Heart murmur symptoms & causes in children

LIke ThisLIke ThisLIke ThisLIke ThisLIke This

Contact the Heart Center

What is a heart murmur?

Murmurs are sounds made by blood circulating through the heart's chambers or valves, or through blood vessels near the heart.

What causes a heart murmur?

Heart murmurs may be caused by a number of factors or diseases, including:

  • defective heart valves
  • holes in the heart walls
  • surgical repair of congenital (present at birth) heart defects
  • fever
  • anemia (a decrease in the red cells in the blood)

What are the different types of murmurs?

A physician will evaluate your child’s murmur based on several factors. Murmurs are analyzed for pitch, loudness and duration. They also are graded according to their intensity (on a scale of one to six, with one being faint and six being very loud).

Types of murmurs include: 

  • systolic murmur
    • occurs during a heart muscle contraction
    • are divided into ejection murmurs (due to blood flow through a narrowed vessel or irregular valve) and regurgitant murmurs (due to mitral or tricuspid regurgitation where the blood leaks back into the atria from the ventricles).
  • diastolic murmur
    • occurs during heart muscle relaxation between beats
    • are due to a narrowing of the mitral or tricuspid valves or regurgitation of the aortic or pulmonary valves
  • continuous murmur
    • occurs throughout the cardiac cycle

Murmurs related to a congenital (present at birth) heart defect or other problem involving the heart structures will be heard the loudest in the area of the chest where the problem occurs.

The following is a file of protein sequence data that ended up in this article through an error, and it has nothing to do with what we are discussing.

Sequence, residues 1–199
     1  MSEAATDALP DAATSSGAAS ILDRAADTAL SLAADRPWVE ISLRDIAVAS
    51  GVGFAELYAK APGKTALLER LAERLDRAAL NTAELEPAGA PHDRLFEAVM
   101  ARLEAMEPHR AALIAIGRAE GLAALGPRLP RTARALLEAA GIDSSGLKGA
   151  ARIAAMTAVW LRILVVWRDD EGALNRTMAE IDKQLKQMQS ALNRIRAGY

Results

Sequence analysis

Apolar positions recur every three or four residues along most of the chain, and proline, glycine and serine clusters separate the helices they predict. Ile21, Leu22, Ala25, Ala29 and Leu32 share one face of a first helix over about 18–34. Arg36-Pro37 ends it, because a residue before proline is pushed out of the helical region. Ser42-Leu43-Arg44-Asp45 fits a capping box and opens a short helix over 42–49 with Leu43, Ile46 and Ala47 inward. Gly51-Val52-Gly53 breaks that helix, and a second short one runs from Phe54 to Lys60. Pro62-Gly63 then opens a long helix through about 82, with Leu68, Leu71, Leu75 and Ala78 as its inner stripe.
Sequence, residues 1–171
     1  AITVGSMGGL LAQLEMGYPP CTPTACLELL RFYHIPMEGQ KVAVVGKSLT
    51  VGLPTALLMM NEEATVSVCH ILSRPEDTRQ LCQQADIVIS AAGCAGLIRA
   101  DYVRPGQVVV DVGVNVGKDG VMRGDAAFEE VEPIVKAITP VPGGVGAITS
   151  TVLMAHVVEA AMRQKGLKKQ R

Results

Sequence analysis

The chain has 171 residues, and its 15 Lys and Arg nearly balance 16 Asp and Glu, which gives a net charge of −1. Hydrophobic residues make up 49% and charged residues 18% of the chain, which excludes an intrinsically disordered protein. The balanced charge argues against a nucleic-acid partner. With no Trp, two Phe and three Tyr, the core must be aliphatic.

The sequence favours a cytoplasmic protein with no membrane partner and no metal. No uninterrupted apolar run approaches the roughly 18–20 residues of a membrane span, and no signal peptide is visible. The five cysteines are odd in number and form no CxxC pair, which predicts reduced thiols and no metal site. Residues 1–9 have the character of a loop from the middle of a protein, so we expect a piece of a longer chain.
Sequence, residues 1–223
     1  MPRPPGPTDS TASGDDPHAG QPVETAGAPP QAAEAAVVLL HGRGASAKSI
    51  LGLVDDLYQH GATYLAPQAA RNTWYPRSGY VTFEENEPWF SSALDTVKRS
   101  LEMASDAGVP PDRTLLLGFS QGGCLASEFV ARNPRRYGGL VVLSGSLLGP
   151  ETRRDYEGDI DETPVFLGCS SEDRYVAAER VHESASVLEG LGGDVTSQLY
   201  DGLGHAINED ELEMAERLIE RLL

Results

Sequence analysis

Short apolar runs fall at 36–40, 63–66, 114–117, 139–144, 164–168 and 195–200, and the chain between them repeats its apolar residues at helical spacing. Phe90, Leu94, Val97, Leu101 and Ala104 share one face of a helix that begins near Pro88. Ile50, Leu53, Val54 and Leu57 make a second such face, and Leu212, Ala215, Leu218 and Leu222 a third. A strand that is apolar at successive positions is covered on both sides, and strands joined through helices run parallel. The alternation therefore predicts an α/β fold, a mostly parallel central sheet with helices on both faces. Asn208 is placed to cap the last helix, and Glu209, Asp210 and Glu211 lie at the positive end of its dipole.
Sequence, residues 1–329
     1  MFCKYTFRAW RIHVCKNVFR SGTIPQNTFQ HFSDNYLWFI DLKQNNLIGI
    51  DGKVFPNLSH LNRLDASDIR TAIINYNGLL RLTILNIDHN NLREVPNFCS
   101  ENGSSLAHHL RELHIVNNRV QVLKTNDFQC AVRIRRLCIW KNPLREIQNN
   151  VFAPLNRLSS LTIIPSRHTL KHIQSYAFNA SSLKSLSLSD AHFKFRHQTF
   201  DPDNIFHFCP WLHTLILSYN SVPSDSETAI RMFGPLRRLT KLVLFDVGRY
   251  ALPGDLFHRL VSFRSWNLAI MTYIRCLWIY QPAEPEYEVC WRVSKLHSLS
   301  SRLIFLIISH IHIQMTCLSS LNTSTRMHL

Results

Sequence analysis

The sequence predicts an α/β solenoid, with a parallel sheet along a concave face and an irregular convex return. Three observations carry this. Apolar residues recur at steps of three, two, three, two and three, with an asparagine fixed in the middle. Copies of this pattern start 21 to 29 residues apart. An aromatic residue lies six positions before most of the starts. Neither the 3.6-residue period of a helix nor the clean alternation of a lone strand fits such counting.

Do all murmurs mean that my child has heart disease?

Not all heart murmurs are symptoms of heart disease. Sometimes, a child may have a murmur if she has a fever or is anemic; these murmurs often go away when the underlying problem is treated.

Some children have what’s known as an innocent murmur. These murmurs are not related to congenital heart defects and usually resolve by the time a child reaches adulthood. If your child's physician hears an innocent murmur, he may want to perform additional tests to ensure that he doesn’t have a heart defect. A child with an innocent murmur can live a normal life and be as active as any other healthy child.

Boston Children’s is so much more than a hospital—it’s a community of researchers, clinicians, administrators, support staff, innovators, teachers, patients and families, all working together to make the impossible possible. ”
- Sandra L. Fenwick, President and CEO

Boston Children's Hospital
300 Longwood Avenue, Boston, MA 02115
For Patients: 617-355-6000
For Referring Providers: 844-BCH-PEDS | 844-224-7337

Close